I'm writing these words under the assumption that anyone who has found himself looking at this review knows a pretty good bit about Samuel Johnson, English Literature in general and at least a little about Mr. Savage (if only from his rather appropriate surname.) It's interesting how literary fads come and go; how a prominent poet or author of one era would find himself outcast in another, and, vice-versa; how an unknown of one era would find himself the talk of the town in another....Imagine Jack Kerouac in the days of Matthew Arnold! But I digress. I think I am one of the few people (the only person that I know of, in fact, Mr. Holmes included) who regards Mr. Savage as a great poet, greater than almost any writing during his lifetime: Thomas Grey and Cowper might be exceptions. He is an early, nearly forgotten path-setting pilgrim in the Romantic tradition, the Visionary Company (a phrase coined by Yeats and picked up as a title for his groundbreaking critical study of the Romantics by Harold Bloom). He is a Shelley, a Rimbaud, a Hart Crane before his time. Dr. Johnson is an anonymous, erudite scholar before his time. There just happened to be no satisfactory English dictionary before he came along, so he became famous for writing the (endearingly quirky) first of its kind. And there you have it. This book is to be commended for revealing what we know of Johnson before he became the old curmudgeon we love to ridicule. Like we all were at one time (Well, the better lot of us anyway.): Johnson was impressionable, naive and idealistic when he met the older Savage, and Savage was almost undoubtedly the subject Johnson had in mind when he penned "Slow rises worth, by Poverty oppressed." in The Vanity of Human Wishes.Read more ›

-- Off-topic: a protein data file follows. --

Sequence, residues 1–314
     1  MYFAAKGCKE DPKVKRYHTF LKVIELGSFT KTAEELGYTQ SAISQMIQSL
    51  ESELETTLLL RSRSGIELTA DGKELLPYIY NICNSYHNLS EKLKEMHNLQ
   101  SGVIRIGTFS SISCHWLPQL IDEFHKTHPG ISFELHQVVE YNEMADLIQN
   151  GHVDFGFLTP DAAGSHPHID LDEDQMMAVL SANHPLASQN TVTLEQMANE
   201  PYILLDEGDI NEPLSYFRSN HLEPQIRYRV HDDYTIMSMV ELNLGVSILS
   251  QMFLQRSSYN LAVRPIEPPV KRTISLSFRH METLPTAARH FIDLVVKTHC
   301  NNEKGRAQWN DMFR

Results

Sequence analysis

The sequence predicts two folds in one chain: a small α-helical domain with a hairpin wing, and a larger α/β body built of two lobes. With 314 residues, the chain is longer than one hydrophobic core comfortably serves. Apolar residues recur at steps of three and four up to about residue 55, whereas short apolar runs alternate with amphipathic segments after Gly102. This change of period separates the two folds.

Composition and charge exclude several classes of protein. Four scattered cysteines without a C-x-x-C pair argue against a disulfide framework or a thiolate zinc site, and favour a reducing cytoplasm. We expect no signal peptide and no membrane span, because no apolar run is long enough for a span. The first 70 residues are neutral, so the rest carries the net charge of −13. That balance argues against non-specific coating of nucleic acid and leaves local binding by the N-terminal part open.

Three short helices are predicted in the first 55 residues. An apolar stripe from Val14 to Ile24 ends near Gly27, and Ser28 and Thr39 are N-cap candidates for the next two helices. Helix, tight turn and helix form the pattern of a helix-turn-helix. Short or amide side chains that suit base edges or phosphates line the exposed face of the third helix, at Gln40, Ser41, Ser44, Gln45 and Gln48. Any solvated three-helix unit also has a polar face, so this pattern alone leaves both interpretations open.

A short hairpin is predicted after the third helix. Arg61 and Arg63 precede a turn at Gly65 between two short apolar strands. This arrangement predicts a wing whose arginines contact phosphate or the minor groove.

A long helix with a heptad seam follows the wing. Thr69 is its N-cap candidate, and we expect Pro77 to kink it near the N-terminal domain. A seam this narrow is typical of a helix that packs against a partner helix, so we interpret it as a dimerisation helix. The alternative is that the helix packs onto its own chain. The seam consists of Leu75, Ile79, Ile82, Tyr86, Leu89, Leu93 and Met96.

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5 of 6 people found the following review helpful By Jim McKenna on September 5, 2000
Format: Paperback
Richard Savage's sole claim to fame is that Johnson wrote a book about him. At the time it was written, however, Johnson wasn't very well known himself and was only marginally more respectable than Savage. Holmes does an excellent job of describing their relationship and showing us how Johnson lived before he bacame a tory sage. He provides an excellent counterweight to Boswell, who tended to play down Johnson's awkwardness and barely concealed rage. At the same time, Holmes never forgets that Johnson was a great writer and man.
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5 of 22 people found the following review helpful By Nick Statman on December 7, 1999
Format: Paperback
This author of this book is twice guilty. First he is guilty of the all too common academic act of reducing a fascinating subject to a dry and lifeless pseudo-rigorous study. Second he, while attempting impartiality, refuses to opine on what the reader really wants to know.
The characters involved, the location (a combination bar/whorehouse), the actual fight and the defense all could make for some seriously juicy reading. Richard Holmes has succeeded in completely boring the event down. Also he is too timid to really let us know what he thinks of Savage's parentage or Savages culpability in the murder. I suppose he is just trying to present the facts and let the reader draw his or her own conclusion. Holmes: these guys have been dead for centuries. You can go out on a limb and hazard some hard guesses!
The only thing this book really succeeds in doing is whetting my appetite for a good book on the subject.